For the experienced road user, driving may feel relatively easy. However, the truth is that driving is a complex activity that involves constant split-second decisions. Drivers need to react to hazards, and they need to do so quickly.
For instance, if the car in front slows down suddenly, the driver behind needs to react to this by braking. Slower reaction times increase the likelihood of accidents. What factors are most likely to slow down the reaction time of drivers?
Any type of distraction can slow down the reaction times of road users. The most notable form of distraction is cell phones. The National Safety Council (NSC) estimates that cell phone use accounts for over 1.6 million car crashes every year.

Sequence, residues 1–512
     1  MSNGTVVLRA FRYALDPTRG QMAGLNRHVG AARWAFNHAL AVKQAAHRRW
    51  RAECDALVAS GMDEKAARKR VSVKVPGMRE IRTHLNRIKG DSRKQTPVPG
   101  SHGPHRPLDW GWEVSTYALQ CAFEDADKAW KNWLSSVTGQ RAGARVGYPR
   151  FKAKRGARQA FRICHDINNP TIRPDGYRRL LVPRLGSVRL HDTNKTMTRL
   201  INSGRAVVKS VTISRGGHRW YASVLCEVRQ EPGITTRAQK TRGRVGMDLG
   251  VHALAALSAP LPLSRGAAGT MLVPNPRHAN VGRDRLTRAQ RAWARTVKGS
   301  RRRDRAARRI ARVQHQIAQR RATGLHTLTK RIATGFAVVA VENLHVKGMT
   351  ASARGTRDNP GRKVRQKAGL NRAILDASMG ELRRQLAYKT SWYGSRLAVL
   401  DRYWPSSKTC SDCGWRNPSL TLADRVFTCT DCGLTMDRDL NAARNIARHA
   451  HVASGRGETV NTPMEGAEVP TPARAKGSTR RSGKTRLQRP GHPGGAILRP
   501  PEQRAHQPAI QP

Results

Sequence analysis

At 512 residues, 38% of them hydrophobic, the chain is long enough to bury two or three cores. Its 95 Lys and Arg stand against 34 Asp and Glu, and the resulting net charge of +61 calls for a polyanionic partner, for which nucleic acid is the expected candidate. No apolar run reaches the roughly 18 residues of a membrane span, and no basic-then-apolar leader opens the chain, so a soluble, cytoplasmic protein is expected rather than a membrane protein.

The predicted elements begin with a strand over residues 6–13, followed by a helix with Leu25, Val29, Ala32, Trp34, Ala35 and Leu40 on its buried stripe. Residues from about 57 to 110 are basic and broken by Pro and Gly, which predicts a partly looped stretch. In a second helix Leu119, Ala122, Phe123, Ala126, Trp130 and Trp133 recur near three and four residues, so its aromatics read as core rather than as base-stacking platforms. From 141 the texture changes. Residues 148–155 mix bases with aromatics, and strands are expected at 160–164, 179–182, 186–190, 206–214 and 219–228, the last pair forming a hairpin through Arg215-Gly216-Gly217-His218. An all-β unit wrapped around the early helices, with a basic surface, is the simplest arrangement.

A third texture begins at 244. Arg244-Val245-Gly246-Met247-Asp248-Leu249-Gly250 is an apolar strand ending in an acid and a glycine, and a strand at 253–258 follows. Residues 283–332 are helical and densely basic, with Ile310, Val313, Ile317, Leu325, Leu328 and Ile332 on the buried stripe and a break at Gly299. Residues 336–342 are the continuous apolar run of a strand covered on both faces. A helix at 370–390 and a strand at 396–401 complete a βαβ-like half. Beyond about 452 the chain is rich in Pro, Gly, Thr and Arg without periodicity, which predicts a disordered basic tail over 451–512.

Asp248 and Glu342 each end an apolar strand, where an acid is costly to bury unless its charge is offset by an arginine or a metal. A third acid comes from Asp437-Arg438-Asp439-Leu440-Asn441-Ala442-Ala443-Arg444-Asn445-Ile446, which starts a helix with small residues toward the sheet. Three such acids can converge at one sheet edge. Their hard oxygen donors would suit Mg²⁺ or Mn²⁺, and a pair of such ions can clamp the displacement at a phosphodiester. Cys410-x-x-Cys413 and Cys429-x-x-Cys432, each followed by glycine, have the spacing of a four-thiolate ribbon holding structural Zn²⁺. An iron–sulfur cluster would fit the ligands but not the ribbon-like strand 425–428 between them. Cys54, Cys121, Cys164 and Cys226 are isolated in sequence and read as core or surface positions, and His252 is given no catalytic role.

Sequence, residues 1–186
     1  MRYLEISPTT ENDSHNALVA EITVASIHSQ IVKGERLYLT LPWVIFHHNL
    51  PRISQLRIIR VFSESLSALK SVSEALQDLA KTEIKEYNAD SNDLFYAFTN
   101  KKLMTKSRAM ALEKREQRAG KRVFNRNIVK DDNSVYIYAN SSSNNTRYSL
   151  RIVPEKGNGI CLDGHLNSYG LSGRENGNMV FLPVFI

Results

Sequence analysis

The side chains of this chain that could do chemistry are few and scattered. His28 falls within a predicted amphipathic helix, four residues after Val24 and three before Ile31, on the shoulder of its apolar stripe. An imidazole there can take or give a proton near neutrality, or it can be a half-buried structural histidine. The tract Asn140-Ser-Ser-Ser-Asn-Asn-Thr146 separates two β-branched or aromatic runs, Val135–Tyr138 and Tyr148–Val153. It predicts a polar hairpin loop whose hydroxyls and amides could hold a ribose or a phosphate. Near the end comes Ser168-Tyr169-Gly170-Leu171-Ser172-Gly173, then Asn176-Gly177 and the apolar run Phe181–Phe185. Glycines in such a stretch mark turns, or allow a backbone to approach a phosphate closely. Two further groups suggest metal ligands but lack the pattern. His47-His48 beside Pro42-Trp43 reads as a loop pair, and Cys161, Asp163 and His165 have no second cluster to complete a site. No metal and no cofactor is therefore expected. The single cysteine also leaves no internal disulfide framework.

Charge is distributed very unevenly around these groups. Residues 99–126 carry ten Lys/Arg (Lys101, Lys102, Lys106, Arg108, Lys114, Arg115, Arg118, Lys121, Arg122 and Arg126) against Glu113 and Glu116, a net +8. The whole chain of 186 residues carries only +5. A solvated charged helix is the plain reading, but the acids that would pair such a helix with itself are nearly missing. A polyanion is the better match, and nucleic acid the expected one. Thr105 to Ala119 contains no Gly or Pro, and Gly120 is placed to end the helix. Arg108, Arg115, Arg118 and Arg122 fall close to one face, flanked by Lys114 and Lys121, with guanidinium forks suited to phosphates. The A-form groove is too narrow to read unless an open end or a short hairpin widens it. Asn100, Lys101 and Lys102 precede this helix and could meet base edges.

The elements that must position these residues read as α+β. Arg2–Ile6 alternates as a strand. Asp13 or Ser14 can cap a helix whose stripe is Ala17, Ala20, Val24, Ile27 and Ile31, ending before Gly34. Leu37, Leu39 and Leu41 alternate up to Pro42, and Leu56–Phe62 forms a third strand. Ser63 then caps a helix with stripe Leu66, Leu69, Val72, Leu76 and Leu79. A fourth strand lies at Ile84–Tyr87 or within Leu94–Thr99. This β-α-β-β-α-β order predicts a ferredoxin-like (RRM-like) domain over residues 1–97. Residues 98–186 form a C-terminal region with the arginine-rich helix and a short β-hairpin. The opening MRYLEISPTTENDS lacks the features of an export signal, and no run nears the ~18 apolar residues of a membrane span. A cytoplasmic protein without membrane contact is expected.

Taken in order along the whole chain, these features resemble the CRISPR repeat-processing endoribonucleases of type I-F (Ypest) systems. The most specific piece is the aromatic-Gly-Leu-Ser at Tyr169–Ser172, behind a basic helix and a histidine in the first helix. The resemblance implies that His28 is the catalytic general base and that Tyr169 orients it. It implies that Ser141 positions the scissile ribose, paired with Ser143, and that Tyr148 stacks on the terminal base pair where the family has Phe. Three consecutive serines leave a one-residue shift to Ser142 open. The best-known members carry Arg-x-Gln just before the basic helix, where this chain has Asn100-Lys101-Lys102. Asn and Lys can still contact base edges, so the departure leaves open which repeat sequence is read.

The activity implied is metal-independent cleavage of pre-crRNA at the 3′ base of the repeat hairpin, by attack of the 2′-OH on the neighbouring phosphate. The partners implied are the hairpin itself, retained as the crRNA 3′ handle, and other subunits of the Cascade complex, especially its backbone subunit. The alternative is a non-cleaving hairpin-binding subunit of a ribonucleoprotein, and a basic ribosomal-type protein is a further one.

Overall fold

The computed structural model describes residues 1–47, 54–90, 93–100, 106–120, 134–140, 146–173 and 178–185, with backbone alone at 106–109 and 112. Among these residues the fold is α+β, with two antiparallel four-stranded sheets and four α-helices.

It’s important to note that distractions don’t need to be physical. Anything that takes the road user’s attention away from driving amounts to a distraction that could slow reaction times down. For instance, if the driver is stressed, angry, upset or “lost in thought”.
The use of alcohol and illicit substances can also significantly reduce a driver’s reaction times. Some studies suggest that a blood alcohol content (BAC) of 0.08 means that a driver’s reaction time can be decreased by 120 milliseconds. At first, this may not sound like a lot, but at 70 miles per hour, this means that the vehicle could travel an additional 12 feet before the driver reacts to a hazard.
If you have been injured by someone whose driving ability was impaired then you may be entitled to financial compensation. Seeking as much legal information as possible will help you learn more about personal injury claims.